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A question of timing: Off-ice arguments overshadow dynamite series between Predators, Ducks

Nashville Predators goalie Anders Lindback (39), of Sweden, replaces Pekka Rinne (35) in the third period of Game 4 against the Anaheim Ducks in a first-round NHL Stanley Cup playoff hockey series on Wednesday, April 20, 2011, in Nashville, Tenn. The Ducks won 6-3 to even the series at 2-2. (AP Photo/Mark Humphrey)

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Nashville Predators goalie Anders Lindback (39), of Sweden, replaces Pekka Rinne (35) in the third period of Game 4 against the Anaheim Ducks in a first-round NHL Stanley Cup playoff hockey series on Wednesday, April 20, 2011, in Nashville, Tenn. The Ducks won 6-3 to even the series at 2-2. (AP Photo/Mark Humphrey)

ANAHEIM, Calif. - Corey Perry would just like to point out that somewhere underneath the allegedly dirty hits, the suspensions and the press-conference posturing, there's quite a memorable playoff series going on between the Anaheim Ducks and the Nashville Predators.

A 2-2 series with clutch goals, wild momentum swings and a nasty edge—which is just the way the Ducks like their hockey.

Anaheim and the Predators will begin the best-of-three finish to their first-round brawl Friday night with Game 5 at Honda Center.

"There's been some big hits, and you've got to fight for every inch on the ice," said Perry, the NHL post-season scoring leader with eight points through four games. "They're a team that likes to play the body, and so do we. It's a great physical series. It's playoff hockey."

Another game led to another suspension Thursday, with Ducks left wing Jarkko Ruutu banned from Game 5 after colliding with Martin Erat during Anaheim's series-evening 6-3 victory in Game 4. Ruutu is a minor contributor to the Ducks, but the Predators lost a much more valuable player: Erat was Nashville's co-scoring leader, but he didn't make the trip to Orange County for Game 5.

The hit led to another round of verbal spin by both coaches. Anaheim's Randy Carlyle called the NHL's criteria for discipline "mind-boggling."

"To me, it's absurd that there's even mention of a hearing when it's a shoulder-to-shoulder hit, and a guy passes the puck," said Carlyle, who wondered why the NHL didn't investigate Jordin Tootoo's cross-check to the head of Anaheim defenceman Toni Lydman in the final minute of Game 4.

Nashville coach Barry Trotz saw a different play—and an additional reason to lament the collision.

"It was a late hit," Trotz said. "To me, the Ducks are the ones whining and complaining that they are the ones being targeted or whatever, but they have had a guy suspended, late hit, we lose a good player. Ruutu didn't even dress (earlier in the series). He's a 5-minute player for them, and we lose a top player."

While both teams lost a player for Game 5, the Ducks are getting a big contributor back.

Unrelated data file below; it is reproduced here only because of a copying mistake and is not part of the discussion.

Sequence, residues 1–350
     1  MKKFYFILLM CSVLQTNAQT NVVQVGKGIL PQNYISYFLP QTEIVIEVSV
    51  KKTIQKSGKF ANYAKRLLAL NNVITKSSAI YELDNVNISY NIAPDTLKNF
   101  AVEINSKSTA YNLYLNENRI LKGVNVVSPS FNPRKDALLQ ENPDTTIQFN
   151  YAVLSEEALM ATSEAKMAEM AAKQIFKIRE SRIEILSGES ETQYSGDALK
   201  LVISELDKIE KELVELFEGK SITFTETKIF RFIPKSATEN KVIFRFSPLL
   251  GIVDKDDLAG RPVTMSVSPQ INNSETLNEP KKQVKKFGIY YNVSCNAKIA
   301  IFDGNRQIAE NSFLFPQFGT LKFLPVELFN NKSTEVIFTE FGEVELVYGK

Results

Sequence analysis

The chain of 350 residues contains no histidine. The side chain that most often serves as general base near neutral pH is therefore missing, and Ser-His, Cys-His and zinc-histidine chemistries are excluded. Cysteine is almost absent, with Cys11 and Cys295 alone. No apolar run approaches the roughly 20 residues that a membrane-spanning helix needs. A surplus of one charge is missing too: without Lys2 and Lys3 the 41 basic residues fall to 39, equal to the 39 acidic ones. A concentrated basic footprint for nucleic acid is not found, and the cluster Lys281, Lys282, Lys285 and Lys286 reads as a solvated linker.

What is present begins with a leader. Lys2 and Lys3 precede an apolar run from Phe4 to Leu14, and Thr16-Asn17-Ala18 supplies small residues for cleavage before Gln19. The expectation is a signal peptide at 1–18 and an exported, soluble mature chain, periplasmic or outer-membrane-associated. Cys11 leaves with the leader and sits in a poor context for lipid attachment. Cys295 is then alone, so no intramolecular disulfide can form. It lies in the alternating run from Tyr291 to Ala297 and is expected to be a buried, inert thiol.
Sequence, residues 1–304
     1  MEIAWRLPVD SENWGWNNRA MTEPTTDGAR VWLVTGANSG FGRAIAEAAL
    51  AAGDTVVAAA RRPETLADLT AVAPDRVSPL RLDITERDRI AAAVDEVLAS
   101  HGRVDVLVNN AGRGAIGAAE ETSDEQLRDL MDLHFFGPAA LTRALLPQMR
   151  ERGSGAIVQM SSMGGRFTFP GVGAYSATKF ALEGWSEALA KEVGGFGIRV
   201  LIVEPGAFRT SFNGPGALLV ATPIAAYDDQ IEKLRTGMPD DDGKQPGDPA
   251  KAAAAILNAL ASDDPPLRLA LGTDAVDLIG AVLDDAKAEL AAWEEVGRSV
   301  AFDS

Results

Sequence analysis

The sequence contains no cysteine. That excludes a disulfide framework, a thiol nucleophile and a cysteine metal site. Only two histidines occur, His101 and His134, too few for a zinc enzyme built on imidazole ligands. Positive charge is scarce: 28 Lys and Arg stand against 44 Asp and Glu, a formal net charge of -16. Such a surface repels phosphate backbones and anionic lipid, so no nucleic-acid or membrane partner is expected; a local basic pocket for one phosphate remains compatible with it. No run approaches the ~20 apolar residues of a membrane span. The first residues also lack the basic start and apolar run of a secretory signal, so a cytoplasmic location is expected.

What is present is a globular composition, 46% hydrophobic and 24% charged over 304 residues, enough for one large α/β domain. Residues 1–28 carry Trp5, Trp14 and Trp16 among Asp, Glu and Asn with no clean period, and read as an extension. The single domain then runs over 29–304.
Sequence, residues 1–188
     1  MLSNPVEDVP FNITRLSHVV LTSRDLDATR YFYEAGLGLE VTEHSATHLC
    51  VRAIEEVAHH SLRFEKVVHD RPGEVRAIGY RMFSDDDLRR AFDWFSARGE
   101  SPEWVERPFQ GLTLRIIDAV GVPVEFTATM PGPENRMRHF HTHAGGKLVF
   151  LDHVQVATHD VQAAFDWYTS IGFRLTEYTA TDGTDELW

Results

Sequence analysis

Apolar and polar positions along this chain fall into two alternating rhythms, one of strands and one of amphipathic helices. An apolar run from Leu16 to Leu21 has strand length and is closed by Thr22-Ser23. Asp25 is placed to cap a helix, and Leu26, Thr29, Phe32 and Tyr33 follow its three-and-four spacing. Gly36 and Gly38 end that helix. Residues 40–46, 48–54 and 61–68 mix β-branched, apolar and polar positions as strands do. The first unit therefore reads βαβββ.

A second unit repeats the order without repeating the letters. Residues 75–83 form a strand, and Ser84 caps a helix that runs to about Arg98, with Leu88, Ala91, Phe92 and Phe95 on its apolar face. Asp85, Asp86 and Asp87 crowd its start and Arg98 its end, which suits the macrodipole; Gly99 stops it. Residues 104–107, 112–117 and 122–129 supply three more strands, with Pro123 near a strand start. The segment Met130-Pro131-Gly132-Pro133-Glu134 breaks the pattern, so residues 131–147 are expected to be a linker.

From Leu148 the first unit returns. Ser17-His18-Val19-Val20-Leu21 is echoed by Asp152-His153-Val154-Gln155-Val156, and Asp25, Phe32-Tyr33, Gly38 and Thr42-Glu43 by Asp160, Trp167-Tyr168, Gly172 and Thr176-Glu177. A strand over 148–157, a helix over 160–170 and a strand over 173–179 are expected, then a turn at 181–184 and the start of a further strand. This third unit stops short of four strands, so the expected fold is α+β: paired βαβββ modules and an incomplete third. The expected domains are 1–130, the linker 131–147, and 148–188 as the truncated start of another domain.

High-scoring left wing Bobby Ryan sat out the Ducks' last two games in Nashville under suspension for stomping on Jonathon Blum's foot in the waning moments of Game 2. Ryan scored two goals that night, and he's well-rested after two nights of watching Anaheim from a luxury box.

So did the suspension change anything about Ryan, who has never had a reputation for dirty play?

"I don't think it can," said Ryan, a 34-goal scorer in the regular season. "Obviously, I've had nothing like this before, being called a dirty player. I won't change a thing—just be a little more careful not to stomp on anybody's foot. I'm just glad the guys won (Game 4) to take some pressure off the situation."

Ryan is expected to resume his role on Anaheim's top line with Perry and captain Ryan Getzlaf, although Carlyle is still contemplating his lineup after rookie Brandon McMillan excelled on that wing in Nashville. The Ducks went straight from the airport to Honda Center for practice Thursday, although Getzlaf and goalie Ray Emery were among the players who did little or nothing.

The Predators worked out before travelling Thursday, hoping to shake off the shock of a rough finish to Game 4. Nashville twice rallied from deficits to tie it heading to the third period, but Perry's short-handed goal set off a three-goal avalanche and chased Pekka Rinne, reducing the Predators' formidable goalie to a spectator.

"You take this kind of game personally a little bit," Rinne said. "You don't feel good about the game ending like that, but at the same time, you have no other choice. It's the best time of the year, and you just have to respect this situation and bounce back."

The Predators' problems this season have been mostly related to an often-punchless offence, yet they've scored at least three goals in every game of the series. Instead, Nashville's formidable defence has struggled to keep up with the Ducks' star-studded offence, which has scored 14 goals in the past three games.

Nashville is doing its best not to think about last season's playoff experience in the franchise's fifth consecutive first-round series defeat. The Predators had a 2-1 series lead over Stanley Cup champion Chicago, but lost Game 4 in discouraging shutout fashion—and then blew a lead with 13.6 seconds left in an eventual overtime loss in Game 5.

"Now it's time to really show that what kind of group of guys that we are," Rinne said. "It was the same situation last year up in Chicago. I think we can go back and little bit and learn from there."

___

AP Sports Writer Teresa M. Walker in Nashville contributed to this report.

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